Regardless of the legitimacy of writer-producer-director-host D. Rutledge-Taylor’s claims that use of DDT could entirely eradicate malaria in Africa and that the Environmental Protection Agency’s 1972 ban on exportation of the chemical pesticide has caused millions of deaths, the speculative documentary “3 Billion and Counting” fails to clinch the argument. Casting himself as an objective intermediary, and liberally co-opting persuasion techniques employed by liberal-leaning filmmakers, Rutledge-Taylor makes a case dependent on an entire parallel universe of presuppositions. Pic, which bowed Sept. 11 in Gotham, decidedly preaches to a non-mainstream choir.
Diverse stock footage starts off with Friz Freleng’s 1943 malaria-prevention cartoon “Target Snafu”; the docu later taps animated graphics for a true/false checklist on DDT to clear up “misleading myths.” Fascinating newsreel excerpts showing fog machines mass-spraying DDT on American GIs before their overseas duty are used to support the notion that the substance is nontoxic (though this fails to address the possible danger of DDT exposure through ingestion rather than skin contact).
Ersatz homemovie clips unspool to familiarize viewers with Rutledge-Taylor (sample voiceover: “My father was a fourth-generation farmer in the Mississippi Delta … “), who serves as the film’s genial, folksy audience surrogate. Emphasizing human suffering and disparaging official U.S. relief efforts, Rutledge-Taylor and producer Helene Udy make lightning stopovers at clinics, hospitals, ominous mosquito-breeding grounds and malaria-ridden hot spots in South Africa, Mozambique, Kenya, Uganda, Tanzania, Indonesia and India; lensing by occasional Fox News photographer Aaron Krummel is admirable for its workhorse resourcefulness.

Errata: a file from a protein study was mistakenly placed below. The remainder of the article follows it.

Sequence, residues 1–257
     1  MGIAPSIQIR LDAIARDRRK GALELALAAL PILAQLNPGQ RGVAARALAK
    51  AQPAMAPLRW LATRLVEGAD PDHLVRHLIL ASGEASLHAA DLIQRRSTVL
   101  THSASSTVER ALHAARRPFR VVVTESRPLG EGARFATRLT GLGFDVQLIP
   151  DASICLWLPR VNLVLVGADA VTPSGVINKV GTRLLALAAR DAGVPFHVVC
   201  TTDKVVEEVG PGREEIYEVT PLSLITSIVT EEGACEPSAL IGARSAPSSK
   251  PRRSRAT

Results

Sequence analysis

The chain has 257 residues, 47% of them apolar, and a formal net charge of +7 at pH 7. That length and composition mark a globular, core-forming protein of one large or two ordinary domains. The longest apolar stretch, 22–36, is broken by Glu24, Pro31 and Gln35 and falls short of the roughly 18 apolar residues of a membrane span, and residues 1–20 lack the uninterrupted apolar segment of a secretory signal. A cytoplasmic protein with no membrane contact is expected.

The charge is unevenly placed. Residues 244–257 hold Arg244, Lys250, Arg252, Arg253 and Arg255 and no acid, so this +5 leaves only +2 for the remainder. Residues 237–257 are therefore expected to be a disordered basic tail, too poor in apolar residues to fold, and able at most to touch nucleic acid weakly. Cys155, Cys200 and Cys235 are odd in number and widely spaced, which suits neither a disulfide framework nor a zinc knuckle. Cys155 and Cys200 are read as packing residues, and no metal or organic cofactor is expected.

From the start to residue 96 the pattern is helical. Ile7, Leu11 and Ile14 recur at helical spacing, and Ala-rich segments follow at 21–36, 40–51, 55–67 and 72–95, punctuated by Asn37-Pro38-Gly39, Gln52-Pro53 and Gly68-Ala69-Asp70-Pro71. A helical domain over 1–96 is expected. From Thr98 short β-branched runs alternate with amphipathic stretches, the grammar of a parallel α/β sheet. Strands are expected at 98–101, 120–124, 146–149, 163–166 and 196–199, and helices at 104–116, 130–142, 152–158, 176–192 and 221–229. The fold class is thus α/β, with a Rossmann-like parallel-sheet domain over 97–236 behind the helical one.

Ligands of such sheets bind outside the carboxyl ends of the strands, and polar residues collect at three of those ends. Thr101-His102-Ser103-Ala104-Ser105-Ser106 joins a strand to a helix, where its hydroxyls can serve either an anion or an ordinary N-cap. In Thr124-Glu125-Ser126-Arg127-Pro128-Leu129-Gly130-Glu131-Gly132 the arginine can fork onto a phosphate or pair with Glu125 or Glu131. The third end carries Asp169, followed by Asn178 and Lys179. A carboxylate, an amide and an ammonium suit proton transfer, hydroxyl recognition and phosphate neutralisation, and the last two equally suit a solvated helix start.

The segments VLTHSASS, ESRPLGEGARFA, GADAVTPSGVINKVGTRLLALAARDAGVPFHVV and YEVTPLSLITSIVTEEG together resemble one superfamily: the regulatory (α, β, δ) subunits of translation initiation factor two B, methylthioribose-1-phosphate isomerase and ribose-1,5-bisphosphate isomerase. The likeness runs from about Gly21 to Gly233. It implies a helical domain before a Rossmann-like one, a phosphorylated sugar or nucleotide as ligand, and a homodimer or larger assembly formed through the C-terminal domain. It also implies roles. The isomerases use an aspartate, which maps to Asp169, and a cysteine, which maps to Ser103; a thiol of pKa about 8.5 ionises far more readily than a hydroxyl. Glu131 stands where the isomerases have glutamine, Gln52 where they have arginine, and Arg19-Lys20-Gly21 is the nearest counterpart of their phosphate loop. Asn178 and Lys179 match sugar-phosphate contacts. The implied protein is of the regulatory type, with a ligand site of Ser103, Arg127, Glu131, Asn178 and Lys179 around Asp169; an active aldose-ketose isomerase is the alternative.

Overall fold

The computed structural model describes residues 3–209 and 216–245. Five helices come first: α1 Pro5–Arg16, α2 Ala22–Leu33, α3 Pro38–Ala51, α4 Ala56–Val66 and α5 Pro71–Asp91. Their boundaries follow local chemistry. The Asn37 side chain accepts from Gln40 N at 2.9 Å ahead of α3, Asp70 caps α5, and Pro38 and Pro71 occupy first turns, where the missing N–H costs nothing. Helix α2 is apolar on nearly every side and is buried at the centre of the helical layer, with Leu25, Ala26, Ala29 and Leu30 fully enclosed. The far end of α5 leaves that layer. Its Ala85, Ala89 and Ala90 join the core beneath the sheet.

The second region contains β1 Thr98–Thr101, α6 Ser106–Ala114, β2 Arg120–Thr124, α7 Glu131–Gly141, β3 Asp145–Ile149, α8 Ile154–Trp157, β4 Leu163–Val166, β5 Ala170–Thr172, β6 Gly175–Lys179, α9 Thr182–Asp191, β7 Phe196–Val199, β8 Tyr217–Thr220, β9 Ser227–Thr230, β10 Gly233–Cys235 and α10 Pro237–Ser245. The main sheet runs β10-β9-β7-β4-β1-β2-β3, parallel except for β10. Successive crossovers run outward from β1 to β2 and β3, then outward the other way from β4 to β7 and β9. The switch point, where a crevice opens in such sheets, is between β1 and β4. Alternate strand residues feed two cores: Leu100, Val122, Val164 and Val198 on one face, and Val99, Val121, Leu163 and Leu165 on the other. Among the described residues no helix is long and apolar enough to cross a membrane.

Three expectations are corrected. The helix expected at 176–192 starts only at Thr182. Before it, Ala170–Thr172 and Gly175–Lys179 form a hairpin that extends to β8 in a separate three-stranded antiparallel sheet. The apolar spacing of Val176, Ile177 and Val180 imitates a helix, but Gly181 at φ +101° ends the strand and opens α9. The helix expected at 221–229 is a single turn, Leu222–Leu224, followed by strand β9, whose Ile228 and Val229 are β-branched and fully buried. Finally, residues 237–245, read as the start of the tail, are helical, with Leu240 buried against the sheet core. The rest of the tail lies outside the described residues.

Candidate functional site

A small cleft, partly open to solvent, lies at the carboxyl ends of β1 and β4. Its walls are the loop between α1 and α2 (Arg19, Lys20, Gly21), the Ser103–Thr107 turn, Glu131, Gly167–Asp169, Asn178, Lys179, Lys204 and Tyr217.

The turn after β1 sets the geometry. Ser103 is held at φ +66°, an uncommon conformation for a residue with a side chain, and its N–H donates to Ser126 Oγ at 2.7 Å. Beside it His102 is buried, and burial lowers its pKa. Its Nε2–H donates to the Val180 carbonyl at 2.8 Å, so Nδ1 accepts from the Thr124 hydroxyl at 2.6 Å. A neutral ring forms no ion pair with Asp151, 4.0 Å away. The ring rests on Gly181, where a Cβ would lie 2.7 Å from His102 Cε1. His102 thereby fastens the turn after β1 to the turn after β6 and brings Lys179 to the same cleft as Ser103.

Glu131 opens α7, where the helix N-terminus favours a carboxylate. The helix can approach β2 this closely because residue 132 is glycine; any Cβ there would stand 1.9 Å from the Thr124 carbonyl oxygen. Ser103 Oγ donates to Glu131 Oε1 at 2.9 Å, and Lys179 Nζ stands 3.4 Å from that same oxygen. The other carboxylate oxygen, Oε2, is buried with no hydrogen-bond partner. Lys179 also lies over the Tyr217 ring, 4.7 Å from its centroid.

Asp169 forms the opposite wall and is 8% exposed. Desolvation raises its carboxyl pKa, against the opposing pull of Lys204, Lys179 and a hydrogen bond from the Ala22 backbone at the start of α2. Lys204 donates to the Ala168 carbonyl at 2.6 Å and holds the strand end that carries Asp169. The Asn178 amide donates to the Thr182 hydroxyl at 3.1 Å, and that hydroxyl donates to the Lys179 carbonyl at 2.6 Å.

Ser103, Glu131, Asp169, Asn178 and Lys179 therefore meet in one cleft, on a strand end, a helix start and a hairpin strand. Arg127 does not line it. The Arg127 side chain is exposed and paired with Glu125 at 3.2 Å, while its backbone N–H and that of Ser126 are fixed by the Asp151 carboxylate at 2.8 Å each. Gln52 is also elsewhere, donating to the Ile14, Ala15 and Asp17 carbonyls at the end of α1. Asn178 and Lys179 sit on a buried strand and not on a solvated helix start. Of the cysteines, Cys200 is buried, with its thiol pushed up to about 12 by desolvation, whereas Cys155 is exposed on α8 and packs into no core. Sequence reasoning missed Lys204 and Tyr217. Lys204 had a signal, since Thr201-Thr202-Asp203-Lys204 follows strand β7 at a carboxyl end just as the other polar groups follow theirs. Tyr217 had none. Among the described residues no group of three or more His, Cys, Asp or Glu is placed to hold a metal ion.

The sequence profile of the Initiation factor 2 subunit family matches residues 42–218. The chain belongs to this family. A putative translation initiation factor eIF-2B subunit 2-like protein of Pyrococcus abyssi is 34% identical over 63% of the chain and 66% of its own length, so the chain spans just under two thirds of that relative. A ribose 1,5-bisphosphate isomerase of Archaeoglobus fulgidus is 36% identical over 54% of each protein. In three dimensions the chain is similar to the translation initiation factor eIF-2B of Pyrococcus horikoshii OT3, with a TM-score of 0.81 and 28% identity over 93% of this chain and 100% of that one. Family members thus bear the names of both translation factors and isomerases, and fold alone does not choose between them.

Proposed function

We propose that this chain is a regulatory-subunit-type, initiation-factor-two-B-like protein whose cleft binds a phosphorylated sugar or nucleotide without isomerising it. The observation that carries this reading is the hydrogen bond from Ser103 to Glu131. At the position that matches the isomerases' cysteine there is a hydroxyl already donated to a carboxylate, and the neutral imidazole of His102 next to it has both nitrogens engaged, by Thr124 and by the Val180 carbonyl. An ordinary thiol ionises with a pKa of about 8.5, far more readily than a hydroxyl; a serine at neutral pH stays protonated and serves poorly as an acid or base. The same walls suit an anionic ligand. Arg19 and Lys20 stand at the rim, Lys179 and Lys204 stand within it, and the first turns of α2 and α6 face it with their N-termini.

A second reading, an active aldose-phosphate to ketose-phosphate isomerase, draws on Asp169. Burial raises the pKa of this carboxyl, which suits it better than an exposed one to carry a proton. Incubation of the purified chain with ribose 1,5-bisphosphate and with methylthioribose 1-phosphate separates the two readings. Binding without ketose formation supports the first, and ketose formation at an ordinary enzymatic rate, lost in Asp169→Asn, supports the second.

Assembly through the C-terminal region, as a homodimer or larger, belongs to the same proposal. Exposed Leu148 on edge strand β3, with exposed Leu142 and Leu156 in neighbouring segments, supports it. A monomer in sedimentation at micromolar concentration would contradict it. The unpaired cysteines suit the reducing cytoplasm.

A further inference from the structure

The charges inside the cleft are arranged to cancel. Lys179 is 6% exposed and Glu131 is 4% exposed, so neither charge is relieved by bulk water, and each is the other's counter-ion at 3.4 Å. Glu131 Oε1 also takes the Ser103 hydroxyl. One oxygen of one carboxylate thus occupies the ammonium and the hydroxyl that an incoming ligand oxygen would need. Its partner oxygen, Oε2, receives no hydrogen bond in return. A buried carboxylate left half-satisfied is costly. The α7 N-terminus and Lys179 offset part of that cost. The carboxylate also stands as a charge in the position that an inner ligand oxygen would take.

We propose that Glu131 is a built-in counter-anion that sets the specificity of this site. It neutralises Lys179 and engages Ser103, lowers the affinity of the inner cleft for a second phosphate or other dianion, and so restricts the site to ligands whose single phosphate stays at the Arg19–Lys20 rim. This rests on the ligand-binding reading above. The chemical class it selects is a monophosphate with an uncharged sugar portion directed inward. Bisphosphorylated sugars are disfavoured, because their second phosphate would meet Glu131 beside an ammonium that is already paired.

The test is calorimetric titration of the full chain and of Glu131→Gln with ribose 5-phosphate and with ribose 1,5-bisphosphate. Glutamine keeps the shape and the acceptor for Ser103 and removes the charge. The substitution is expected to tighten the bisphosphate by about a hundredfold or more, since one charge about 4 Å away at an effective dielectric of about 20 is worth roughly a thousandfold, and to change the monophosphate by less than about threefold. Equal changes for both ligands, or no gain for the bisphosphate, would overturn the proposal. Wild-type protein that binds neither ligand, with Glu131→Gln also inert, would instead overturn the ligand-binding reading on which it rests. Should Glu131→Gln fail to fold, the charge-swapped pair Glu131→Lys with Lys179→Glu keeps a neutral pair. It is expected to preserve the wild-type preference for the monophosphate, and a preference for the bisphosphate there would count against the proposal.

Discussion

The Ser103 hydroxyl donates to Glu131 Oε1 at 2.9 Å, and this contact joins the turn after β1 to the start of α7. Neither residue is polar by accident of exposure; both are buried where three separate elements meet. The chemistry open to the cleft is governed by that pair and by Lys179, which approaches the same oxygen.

The film’s historical focal point is the decision of William Ruckelshaus, head of the EPA under Nixon, to ban DDT. Once Michael Crichton (in a sampled C-SPAN bite) equates withholding DDT with genocide, all bets are off. He’s soon followed by a stacked deck of right-leaning talking heads who target pet bugaboos from birth control to organic food, the connections with the DDT ban often unclear. Margaret Sanger is depicted exclusively as a racist eugenicist, Rachel Carson condescendingly pitied as a confused soul, Greenpeace trashed (by dubious ecology expert Steve Forbes). President Obama’s pledge to end malaria by 2015 and Bill Gates’ billion-dollar donation for vaccine development are dismissed as “a waste of money.”
Clearly a connoisseur of the personalized documentary form, Rutledge-Taylor imitates other practitioners but, speaking strictly aesthetically, with far less flair. Following Morgan Spurlock’s lead in serving as his own guinea pig, Rutledge-Taylor redoes “Super Size Me” as “Insecticide Me,” chugging down a 75% DDT-spiked cocktail to certify its harmlessness.
Disingenuous attempts to penetrate the EPA (“It’s like Fort Knox!”) are a far cry from the engaging tongue-in-cheekiness of Michael Moore’s quixotic raids on GM headquarters.